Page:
Designed by Scottish-born nobleman Sir Charles Ross in the late 1890’s, the Ross rifle was a straight-pull bolt-action rifle inspired by the Austrian Gewehr M.95. With its quick action and exceptional accuracy, the Ross rifle soon became popular as a civilian sporting rifle, and in 1907 the Ross Mk II model was chambered in the new .280 Ross cartridge, which was the first to achieve a velocity of over 3000 feet per second.
After the Second Boer War, Canada needed a modern rifle for its armed forces, but was turned down for purchasing or even licensing production of the British SMLE rifle. Sir Charles Ross stepped in and offered to set up a factory to produce the Ross rifle in Quebec, which was approved by the Canadian government. The first Ross rifles were delivered to the Canadian military and the Mounted Police in 1905, who immediately found many faults with the weapon. This led to a number of redesigns and updates, and in the summer of 1911 the Canadian army adopted the Ross Mk III chambered in .303 British. This model was equipped with a Lee-type single stack magazine protruding below the stock, loaded with 5-round stripper clips, and it would be the standard rifle of the Canadian army as it entered WW1. But the Ross Mk III proved unsuitable to trench warfare, with close chamber tolerances and high sensitivity to dirt and fouling. Another fatal flaw was that the bolt could be assembled incorrectly, and the rifle fired with the bolt not locked to the receiver, resulting in the bolt launching backwards into the shooters face. A safety rivet was later added to prevent this, although it also made disassembly and cleaning of the rifle more complicated.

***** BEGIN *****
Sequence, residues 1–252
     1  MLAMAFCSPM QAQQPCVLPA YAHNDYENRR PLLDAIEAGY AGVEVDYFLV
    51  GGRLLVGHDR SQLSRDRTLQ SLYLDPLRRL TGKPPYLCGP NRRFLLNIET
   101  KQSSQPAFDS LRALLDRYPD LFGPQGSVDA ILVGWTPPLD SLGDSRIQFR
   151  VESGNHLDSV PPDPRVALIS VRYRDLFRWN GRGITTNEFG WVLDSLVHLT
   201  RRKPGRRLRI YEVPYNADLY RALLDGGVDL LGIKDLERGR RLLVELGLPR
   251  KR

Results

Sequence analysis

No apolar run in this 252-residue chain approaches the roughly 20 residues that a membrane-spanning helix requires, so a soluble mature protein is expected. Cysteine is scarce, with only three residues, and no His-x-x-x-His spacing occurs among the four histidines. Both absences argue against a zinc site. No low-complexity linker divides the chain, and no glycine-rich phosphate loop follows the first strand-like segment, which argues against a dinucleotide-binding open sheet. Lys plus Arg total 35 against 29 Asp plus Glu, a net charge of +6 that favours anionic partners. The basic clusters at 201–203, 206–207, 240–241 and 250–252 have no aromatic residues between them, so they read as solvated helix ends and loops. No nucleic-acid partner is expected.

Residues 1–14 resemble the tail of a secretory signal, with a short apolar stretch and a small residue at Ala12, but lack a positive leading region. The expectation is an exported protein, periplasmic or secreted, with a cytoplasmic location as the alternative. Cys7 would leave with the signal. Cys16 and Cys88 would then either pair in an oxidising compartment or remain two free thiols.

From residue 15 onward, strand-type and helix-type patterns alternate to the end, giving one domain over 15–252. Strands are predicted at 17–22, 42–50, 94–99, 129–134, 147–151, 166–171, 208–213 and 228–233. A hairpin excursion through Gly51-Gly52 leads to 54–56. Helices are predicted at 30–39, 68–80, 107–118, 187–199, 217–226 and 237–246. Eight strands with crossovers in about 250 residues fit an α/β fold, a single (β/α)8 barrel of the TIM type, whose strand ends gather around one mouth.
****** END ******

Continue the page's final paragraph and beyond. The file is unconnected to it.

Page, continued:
Canadian Minister of Militia and Defence, Sam Hughes repeatedly ignored reports of serious issues with the Ross rifle, but eventually the evidence became overwhelming. In 1916, British military high command ordered the Ross to be withdrawn from the frontline, to be used as training rifles and replaced with the SMLE, and the same year Hughes was forced to resign. But the Ross Mk III continued to be used by many snipers, such as Henry Louis Norwest and Francis Pegahmagabow, who appreciated its superior accuracy and could take better care of their rifles. During WW1, about 1,400 Ross rifles were equipped with two different models of telescopic sights. After being withdrawn from frontline service, salvaged Ross rifles were shipped home and some were sold to hunters. The Ross rifle was also the basis of the Huot Automatic Rifle design of 1916, which was being favorably tested in late WW1. During WW2, surplus Ross rifles were used by the coastal defence, Canadian Navy, police forces and others.